### Homes

There are to be 6 homes built on a new development site. They could be semi-detached, detached or terraced houses. How many different combinations of these can you find?

### Stairs

This challenge is to design different step arrangements, which must go along a distance of 6 on the steps and must end up at 6 high.

### Train Carriages

Suppose there is a train with 24 carriages which are going to be put together to make up some new trains. Can you find all the ways that this can be done?

# Teddy Bear Line-up

##### Stage: 1 Challenge Level:

We received lots and lots of very well-described solutions to this Teddy Bear problem - I'm sorry that we can't mention everyone. It was interesting to see what you called a 'move'. Jessica decided that a move was a 'swap':

Four steps:
Start: BBBB RRRR YYYY GGGG
Step 1, Switch the second blue and the second red:
BRBB RBRR YYYY GGGG
Step 2, Switch the fourth blue and the fourth yellow:
BRBY RBRR YYYB GGGG
The fourth red is not used because that would result in two reds being side by side. Switching fourth with fourth makes it easier to keep track of what has been done.
Step 3, Switch the fourth red and the fourth green:
BRBY RBRG YYYB GGGR
Step 4, Switch the second yellow and the second green:
BRBY RBRG YGYB GYGR
The bears are now fully mixed-up. This is not a unique solution.

Jessica says this is not a unique solution, meaning that it can be done in four moves, but in different ways. Will, Milly and Emily from Swiss Gardens Primary School agreed with Jessica and sent in this picture of the four moves they made, which are slightly different from Jessica's:

Gemma and Maggie, also from Swiss Gardens, looked at simpler cases with smaller numbers of bears. They said:

We did $2\times2$ which was 1 move also $3\times3$ which was 2 moves.
$4\times4$ was 4 moves.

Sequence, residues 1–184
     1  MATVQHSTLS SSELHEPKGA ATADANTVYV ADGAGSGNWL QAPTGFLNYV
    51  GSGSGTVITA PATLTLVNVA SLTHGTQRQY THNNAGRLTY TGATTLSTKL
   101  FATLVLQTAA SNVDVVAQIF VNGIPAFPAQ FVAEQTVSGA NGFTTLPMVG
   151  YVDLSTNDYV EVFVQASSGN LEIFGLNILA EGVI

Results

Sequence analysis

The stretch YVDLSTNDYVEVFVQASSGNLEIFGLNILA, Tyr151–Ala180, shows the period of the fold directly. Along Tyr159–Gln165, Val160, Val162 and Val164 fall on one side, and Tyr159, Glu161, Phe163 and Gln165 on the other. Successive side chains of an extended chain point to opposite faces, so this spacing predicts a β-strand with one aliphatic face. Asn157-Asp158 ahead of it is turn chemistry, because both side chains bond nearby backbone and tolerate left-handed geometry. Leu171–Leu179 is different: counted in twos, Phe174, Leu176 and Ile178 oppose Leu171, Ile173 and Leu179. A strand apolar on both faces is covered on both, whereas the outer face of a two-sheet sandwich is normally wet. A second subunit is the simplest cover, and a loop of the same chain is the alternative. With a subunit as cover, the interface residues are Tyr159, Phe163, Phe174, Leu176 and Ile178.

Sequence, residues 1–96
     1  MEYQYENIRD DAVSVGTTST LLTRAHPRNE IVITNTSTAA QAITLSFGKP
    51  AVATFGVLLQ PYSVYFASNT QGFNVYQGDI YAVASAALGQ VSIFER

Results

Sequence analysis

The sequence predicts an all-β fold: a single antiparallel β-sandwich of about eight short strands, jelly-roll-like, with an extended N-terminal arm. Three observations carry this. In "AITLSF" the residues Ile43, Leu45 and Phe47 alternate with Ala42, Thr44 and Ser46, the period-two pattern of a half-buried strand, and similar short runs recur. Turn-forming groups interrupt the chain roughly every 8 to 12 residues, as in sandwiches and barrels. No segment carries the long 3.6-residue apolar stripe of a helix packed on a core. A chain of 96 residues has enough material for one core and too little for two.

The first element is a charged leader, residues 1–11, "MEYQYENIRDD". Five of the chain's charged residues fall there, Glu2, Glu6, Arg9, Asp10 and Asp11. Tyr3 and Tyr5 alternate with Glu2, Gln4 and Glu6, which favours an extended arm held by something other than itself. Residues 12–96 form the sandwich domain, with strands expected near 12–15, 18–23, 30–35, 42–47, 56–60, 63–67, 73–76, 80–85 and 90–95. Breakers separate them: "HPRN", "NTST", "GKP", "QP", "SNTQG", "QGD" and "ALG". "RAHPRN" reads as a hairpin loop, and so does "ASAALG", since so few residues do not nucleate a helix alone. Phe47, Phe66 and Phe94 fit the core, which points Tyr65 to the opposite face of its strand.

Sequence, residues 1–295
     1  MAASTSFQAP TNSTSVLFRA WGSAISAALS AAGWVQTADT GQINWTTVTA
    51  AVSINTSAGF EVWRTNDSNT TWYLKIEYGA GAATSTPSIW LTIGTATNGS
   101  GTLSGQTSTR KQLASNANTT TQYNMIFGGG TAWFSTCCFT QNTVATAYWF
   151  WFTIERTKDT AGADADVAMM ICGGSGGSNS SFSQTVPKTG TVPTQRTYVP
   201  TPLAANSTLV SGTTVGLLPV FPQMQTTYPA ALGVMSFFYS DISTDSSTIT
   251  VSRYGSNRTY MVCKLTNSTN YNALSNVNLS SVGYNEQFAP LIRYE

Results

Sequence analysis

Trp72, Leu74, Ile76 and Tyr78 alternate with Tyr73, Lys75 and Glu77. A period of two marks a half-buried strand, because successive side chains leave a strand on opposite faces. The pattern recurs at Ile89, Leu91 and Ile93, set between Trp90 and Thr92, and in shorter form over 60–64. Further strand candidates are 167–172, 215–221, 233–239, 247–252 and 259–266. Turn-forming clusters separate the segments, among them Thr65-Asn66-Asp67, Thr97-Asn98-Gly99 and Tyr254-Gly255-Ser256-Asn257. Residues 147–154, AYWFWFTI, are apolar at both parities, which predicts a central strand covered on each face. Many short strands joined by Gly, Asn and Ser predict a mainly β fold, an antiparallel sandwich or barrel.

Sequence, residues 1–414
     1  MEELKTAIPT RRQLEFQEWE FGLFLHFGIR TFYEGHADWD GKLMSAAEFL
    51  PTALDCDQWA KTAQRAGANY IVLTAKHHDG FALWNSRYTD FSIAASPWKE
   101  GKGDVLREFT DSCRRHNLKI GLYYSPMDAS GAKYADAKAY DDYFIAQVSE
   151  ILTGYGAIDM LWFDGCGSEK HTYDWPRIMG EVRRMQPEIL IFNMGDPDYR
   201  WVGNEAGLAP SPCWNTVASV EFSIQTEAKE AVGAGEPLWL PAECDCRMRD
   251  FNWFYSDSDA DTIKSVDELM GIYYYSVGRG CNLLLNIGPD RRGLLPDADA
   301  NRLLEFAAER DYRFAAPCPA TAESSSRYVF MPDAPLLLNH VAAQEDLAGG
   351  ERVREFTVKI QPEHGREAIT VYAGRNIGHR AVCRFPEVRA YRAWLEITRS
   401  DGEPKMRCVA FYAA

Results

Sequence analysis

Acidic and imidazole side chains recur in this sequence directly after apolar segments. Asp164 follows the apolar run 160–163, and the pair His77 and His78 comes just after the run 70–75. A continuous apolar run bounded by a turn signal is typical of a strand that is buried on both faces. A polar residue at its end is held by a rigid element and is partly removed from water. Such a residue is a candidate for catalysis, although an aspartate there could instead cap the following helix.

It can be useful to do this to see if you can identify and explain the pattern. I wonder whether you could predict the least number of moves for five lots of five bears?

Jodie thought about a 'move' in a different way and here is what she did:

If you call the blue bears B, the red bears R, the yellow bears Y, and the green bears G, you get:
B,B,B,B,R,R,R,R,Y,Y,Y,Y,G,G,G,G
1. Move one of the green bears to separate the first two blue bears:
B,G,B,B,B,R,R,R,R,Y,Y,Y,Y,G,G,G
2. Move one of the yellow bears to separate the second two blue bears:
B,G,B,Y,B,B,R,R,R,R,Y,Y,Y,G,G,G
3. Move one of the red bears to separate the last two blue bears:
B,G,B,Y,B,R,B,R,R,R,Y,Y,Y,G,G,G
4. Move one of the green bears to separate the second two red bears:
B,G,B,Y,B,R,B,R,G,R,R,Y,Y,Y,G,G
5. Move one of the yellow bears to separate the final two red bears:
B,G,B,Y,B,R,B,R,G,R,Y,R,Y,Y,G,G
6. Move one of the green bears to separate the final two yellow bears:
B,G,B,Y,B,R,B,R,G,R,Y,R,Y,G,Y,G

Elijah also used this idea and, like Gemma and Maggie, he investigated simpler cases. He even tried five lots of five bears as well:

I found that the smallest number of moves to mix up the four lots of four colours was $6$.
Call the bears a1, a2, a3, a4, b1, b2, b3, b4, c1, c2, c3, c4, d1, d2, d3, d4 (the letters mean different colours).
Move a1 between b1 and b2
Move a2 between b2 and b3
Move a3 between b3 and b4
Now you have a4, b1, a1, b2, a2, b3, a3, b4
You can't do it in less than 3 moves because in 4 bears coloured 'b' there are 3 pairs that need to be split up.
Now do the same for the c's and d's.
That is $6$ moves.
You can do other moves and get a different mixture at the end.

I tried it for two lots of two colours and could do that in $1$ move.

Then I tried it for three lots of three colours. This was a bit harder because it doesn't split into two halves and you have to mix the colours up. I did it like this:
Start with a1, a2, a3, b1, b2, b3, c1, c2, c3
Move a1 between b1 and b2
Move c1 between b2 and b3
Move a2 between c2 and c3
Now you have a3, b1, a1, b2, c1, b3, c2, a2, c3

I noticed that the sequence $1, 3, 6 ...$ is the start of the triangle numbers.

So then I thought that for five lots of five colours the answer would be $10$. I think this is right - I couldn't do it in less than $10$ moves.

I think these are right for the smallest numbers of moves because you can imagine the bears as pairs of two colours (like the two lots of two colours problem) and see how many moves it must take to mix them up.

Fantastic reasoning, Elijah, thank you for your detailed solution. We can really understand how you were thinking.

We also received the following message from a mum which I couldn't resist including!

My daughter was trying this as we came back from Science Festival today when her little brother found the solution: he picked all the sets of buttons she was using (for counters) and threw them in the air ... as they fell they all scattered ..."Mum! It's just ONE move when HE does it!" Not sure this is what you intended, though...